Have children no right to be brought up as disciplined persons? ― Ravinder Singh

JUNE 17 ― All our sympathy and tears are not going to bring back Nhaveen, nor any of the numerous other children who suffered torture and death at the hands of other children. Their blood is on the hands of the authorities who allowed discipline in our educational institutions from primary schools to college/university level to deteriorate to such a deplorable level. The primary role of educational institutions should be character development so that whether a child scores 10A’s or 10F’s, they will grow up into well behaved persons who respect law and order.    

It is therefore amazing how adults, and especially those trained to handle children, like teachers, cannot be in control of and discipline the children so they do not grow up to brazenly do things that are not permitted by the country’s laws. Assaulting, injuring and killing others is not child’s play. But children who may start showing aggressive behaviour from as young as three years old do not know this. If not corrected, such behaviour becomes ingrained and gets worse with time.      

By destroying school discipline, under whatever excuses, serious damage is done to society as the indisciplined school children will only become bolder with the passing years and will think nothing of inflicting torture and death on others. Such violence, and other criminal behaviour, becomes “normal” behaviour. Thus there is strong co-relation between deterioration of discipline in schools and increase of crime in society. But the authorities are in denial of this fact.

Is it the fault of these violent children that they have grown up to become such persons? Society may not accept it, but these children are the victims of an education system that has failed to instill discipline, giving various excuses and theories for such failure. 

Sending Nhaveen’s, or Zulfarhan Osman Zulkarnain’s killer-children to the gallows may be seen as “justice” by the families of the victims. But is it justice to the killer-children who were not disciplined from the time they began showing traits of violence that progressed from “playfulness” to “murderous”? Would these children be facing the gallows now if their aggressive and violent behaviour had been corrected as soon as it was first seen, be it with the rod?      

Various parties have come up with suggestions to improve school discipline. Are any of these tried and tested methods, over an extended period of time, that really work? For example, psychologists, children’s experts (some may just be armchair experts), defenders of children’s rights including those in Unicef and the UN, always speak of the “soft” approach to discipline children as they cannot imagine a light cane being used to do so. To them, the very thought of using a light cane is “corporal punishment” which is “child abuse” and which only “widens the circle of violence”.  Are these mere perceptions or based on hard evidence? So, they mean to say our forefathers who believed in “spare the rod and spoil the child” were stupid, violent people?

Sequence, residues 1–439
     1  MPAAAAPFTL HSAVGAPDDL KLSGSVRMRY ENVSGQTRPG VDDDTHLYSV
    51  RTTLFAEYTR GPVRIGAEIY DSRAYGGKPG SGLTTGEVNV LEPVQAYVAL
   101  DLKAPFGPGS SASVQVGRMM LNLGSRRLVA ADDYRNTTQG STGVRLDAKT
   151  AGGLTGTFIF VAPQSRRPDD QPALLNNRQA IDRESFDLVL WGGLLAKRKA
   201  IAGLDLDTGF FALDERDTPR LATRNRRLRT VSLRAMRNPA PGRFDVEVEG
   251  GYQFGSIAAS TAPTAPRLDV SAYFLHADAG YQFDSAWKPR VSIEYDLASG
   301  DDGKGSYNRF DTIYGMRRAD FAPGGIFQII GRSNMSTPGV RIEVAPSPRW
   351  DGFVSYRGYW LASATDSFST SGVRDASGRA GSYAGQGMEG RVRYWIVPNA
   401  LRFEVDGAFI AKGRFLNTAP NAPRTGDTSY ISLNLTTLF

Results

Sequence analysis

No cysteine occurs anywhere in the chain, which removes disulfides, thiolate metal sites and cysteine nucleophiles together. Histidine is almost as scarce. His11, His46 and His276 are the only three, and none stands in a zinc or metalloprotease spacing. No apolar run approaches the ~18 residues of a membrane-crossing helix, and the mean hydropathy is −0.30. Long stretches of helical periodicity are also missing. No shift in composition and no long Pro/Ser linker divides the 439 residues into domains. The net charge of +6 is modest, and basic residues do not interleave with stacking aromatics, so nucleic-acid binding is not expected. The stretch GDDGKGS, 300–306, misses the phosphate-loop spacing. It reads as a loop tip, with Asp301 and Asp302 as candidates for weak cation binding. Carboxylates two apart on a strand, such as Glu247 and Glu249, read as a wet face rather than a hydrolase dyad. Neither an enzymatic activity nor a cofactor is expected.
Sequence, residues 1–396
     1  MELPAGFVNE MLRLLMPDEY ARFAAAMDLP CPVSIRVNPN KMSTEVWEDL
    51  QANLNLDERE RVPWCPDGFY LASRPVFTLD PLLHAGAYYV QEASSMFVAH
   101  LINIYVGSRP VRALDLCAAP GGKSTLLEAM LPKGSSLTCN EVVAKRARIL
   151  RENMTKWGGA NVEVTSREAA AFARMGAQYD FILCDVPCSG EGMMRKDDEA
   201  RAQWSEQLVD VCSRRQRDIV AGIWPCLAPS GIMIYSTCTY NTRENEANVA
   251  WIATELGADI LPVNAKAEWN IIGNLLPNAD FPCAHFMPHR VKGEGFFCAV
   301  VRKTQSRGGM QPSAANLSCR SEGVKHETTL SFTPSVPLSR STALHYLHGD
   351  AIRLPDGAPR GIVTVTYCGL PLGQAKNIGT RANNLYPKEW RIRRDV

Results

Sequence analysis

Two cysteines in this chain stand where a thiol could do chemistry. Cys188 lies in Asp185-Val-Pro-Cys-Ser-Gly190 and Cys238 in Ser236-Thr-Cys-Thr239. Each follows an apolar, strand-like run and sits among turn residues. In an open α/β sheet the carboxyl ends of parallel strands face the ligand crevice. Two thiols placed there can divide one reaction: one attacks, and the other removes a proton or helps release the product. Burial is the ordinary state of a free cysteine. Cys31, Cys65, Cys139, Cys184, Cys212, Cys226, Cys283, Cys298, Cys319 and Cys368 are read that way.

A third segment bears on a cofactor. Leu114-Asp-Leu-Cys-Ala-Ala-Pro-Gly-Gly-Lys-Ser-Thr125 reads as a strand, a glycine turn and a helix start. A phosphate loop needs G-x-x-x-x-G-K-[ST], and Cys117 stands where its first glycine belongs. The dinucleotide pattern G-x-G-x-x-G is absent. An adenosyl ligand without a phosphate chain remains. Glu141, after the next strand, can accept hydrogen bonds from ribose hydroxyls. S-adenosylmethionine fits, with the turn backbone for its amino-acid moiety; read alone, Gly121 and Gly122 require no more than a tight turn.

Spanking is a discipline method defined as striking a child on the buttocks or extremities “without inflicting physical injury” and with the intent to modify behaviour.

I for one strongly believe that spanking is very effective in changing child misbehaviour, but it must be done judiciously, and only when other methods fail. 

What the Ministry of Education should do is carry out a proper study by throwing a challenge to all those who have suggestions for tackling school indiscipline, using their “soft approach” or the rod, to take up full time appointment as “councilors” or “discipline masters” for at least one full year, in primary or secondary school as they choose, and prove their theories. There should be no interference in their work and neither should they be bogged down by red-tape. Then have child psychologist, pediatricians, and other specialists to closely monitor and study the effects of those methods, especially in the case where the ‘rod’ is used. They should not make a fuss about one or two cane marks, though.   

As I firmly believe that the rod is still the best tool for correcting child misbehaviour in early childhood, and I hasten to say that not all children need it, I am willing to take charge of disciplinary matters in a primary school that has disciplinary problems and prove my point, for using the rod is most effective when done early in childhood. There should be no political interference or any red tape such as requirement for witnesses for every stroke of the cane dispensed. Using the rod is most effective when done on the spot (when misbehaviour is spotted) and not after a time-delay.   

* This is the personal opinion of the writer or publication and does not necessarily represent the views of Malay Mail Online.

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